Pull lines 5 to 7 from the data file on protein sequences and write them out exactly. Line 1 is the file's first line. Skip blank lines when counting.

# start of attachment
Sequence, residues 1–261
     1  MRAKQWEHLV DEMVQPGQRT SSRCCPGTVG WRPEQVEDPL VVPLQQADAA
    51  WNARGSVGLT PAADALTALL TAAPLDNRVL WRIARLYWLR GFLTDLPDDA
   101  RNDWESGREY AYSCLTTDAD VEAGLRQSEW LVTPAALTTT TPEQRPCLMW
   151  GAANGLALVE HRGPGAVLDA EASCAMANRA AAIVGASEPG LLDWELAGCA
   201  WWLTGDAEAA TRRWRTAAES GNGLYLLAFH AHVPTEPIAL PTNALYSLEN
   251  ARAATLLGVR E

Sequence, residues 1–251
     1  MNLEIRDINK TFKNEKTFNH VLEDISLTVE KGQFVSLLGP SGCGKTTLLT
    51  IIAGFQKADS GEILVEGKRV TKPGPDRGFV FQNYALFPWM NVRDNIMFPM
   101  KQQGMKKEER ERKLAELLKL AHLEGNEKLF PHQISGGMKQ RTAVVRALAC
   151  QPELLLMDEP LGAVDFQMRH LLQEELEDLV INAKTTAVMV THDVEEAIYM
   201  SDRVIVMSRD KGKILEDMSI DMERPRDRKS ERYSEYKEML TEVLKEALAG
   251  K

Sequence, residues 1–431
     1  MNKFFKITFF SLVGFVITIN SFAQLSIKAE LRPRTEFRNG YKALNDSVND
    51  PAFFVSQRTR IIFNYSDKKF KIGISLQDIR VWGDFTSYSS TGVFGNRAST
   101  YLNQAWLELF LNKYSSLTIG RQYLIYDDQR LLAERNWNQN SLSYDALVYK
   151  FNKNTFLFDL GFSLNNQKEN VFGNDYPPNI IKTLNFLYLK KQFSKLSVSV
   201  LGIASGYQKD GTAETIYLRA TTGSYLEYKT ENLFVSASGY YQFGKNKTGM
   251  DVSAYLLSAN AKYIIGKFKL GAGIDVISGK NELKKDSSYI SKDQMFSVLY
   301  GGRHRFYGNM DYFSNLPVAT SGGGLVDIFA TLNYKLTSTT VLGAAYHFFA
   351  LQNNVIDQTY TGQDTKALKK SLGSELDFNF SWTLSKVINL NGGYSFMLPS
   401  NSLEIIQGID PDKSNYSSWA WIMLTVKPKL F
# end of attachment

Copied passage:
   151  GAANGLALVE HRGPGAVLDA EASCAMANRA AAIVGASEPG LLDWELAGCA
   201  WWLTGDAEAA TRRWRTAAES GNGLYLLAFH AHVPTEPIAL PTNALYSLEN
   251  ARAATLLGVR E